I was able to take tow average bulls scoring 337 and 317, net. I am certain that the 337 bull was the largest that I saw on the hunt. My hunting partner from Michigan took only one average bull. He paid for one additional flight and spent another day hunting from camp and saw no worthy trophies. I shared my cabin with two amiable and experienced hunters from Sacramento - they also took only one average bull each despite paying for an additional fly out. I had some time in camp to green-score several racks. One lucky hunter from our group took a bull that will make the book after the 60-day drying period. I'm certain no other racks taken on our hunt will make the B&C book. This may sound like sour grapes to some, but keep in mind that this hunt has been lauded in both The Hunting Report and other magazines as a legitimate opportunity for a book animal. Nunami has priced its hunts based on this expectation.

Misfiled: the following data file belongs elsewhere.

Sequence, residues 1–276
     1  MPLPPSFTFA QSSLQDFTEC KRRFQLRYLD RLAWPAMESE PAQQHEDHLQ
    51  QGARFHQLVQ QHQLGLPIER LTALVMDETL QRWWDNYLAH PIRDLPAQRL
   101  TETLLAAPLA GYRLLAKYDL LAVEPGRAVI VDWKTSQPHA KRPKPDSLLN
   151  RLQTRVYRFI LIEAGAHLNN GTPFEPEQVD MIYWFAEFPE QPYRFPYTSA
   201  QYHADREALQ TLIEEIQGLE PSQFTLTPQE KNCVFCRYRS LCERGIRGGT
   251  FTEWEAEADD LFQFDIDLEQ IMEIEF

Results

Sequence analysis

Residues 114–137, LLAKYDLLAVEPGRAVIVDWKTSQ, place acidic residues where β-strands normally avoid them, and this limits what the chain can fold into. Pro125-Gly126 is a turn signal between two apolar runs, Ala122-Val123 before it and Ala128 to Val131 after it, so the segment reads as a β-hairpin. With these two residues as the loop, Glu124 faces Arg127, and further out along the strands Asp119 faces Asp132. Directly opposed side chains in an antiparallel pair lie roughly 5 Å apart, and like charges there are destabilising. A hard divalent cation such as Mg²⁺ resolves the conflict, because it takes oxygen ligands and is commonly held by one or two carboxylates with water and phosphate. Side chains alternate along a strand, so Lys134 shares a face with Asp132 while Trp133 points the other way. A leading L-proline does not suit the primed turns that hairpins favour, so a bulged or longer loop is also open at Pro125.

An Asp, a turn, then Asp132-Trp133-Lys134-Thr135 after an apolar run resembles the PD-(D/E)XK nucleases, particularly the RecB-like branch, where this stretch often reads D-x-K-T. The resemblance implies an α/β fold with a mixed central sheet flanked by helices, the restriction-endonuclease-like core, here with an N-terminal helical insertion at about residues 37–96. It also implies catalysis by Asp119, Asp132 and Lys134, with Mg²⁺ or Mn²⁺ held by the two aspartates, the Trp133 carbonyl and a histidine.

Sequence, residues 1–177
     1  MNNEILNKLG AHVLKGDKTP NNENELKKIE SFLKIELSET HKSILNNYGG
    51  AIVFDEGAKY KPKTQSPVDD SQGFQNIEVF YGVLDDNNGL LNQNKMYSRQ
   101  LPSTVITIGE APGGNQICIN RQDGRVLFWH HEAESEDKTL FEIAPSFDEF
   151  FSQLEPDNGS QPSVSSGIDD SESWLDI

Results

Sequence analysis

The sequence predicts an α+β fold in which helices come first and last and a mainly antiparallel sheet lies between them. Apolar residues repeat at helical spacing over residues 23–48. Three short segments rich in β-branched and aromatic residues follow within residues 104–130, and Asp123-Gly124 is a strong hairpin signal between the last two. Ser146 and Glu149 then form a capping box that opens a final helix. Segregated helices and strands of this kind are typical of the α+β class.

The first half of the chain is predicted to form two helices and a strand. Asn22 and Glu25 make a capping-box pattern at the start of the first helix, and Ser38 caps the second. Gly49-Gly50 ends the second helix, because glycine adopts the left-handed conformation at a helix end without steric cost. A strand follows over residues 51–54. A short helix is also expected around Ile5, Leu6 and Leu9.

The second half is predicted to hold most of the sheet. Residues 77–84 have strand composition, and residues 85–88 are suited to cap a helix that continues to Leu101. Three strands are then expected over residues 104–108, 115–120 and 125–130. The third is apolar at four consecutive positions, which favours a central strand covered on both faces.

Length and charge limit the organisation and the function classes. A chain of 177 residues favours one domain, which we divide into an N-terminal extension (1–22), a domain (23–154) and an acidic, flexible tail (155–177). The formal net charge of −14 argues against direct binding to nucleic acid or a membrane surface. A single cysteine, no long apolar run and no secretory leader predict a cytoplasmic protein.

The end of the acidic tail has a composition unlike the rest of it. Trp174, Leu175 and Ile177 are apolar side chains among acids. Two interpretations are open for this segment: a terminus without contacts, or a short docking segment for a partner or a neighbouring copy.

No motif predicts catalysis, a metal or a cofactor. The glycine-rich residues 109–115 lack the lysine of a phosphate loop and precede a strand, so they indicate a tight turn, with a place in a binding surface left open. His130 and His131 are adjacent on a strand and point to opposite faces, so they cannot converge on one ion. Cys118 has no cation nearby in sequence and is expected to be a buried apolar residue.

There is much that is positive about Nunami Outfitters. Our guide, Andre, was excellent and the other guides were all competent at the very least. The camp was one of the best I've encountered in my 11 hunts in both Canada and Alaska. The food was excellent and the staff courteous and attentive. Certainly, Nunami has no control over the vagaries of the caribou migration. I believe that if the animals had been huntable from camp, there would have been more happy hunters and, perhaps, another book bull or two. Maybe Nunami could provide additional fly outs at no charge when the herds are remote to be offset by taking no flights when the herds are close by. I do not seek any refund or credit; after all, I took two bulls. Other hunters in our camp are more disappointed than I. We were led to expect by our booking agents and the outfit itself that we would be able to look over several gagger bulls and maybe even a booner or two. On our hunt at least, this was a pipe dream. At over $7,000, I cannot recommend this hunt - there are better ways to get more bang for you buck. I would advise any hunter looking for a record book caribou to contact Moise Rabesca and go to the NWT for the central barren ground animals at half Nunami's price. Despite the high fees and allure of the aircraft, Nunami still has not solved the old Quebec-Labrador dilemma: Where are the caribou? Any hunter contemplating a hunt with Nunami should carefully weight both side before writing his check. If he is unlucky and the bulls are far from camp, he should be prepared to spend over $10,000 to get six abbreviated days of hunting. I can be reached at anytime during the evening at 214-341-7795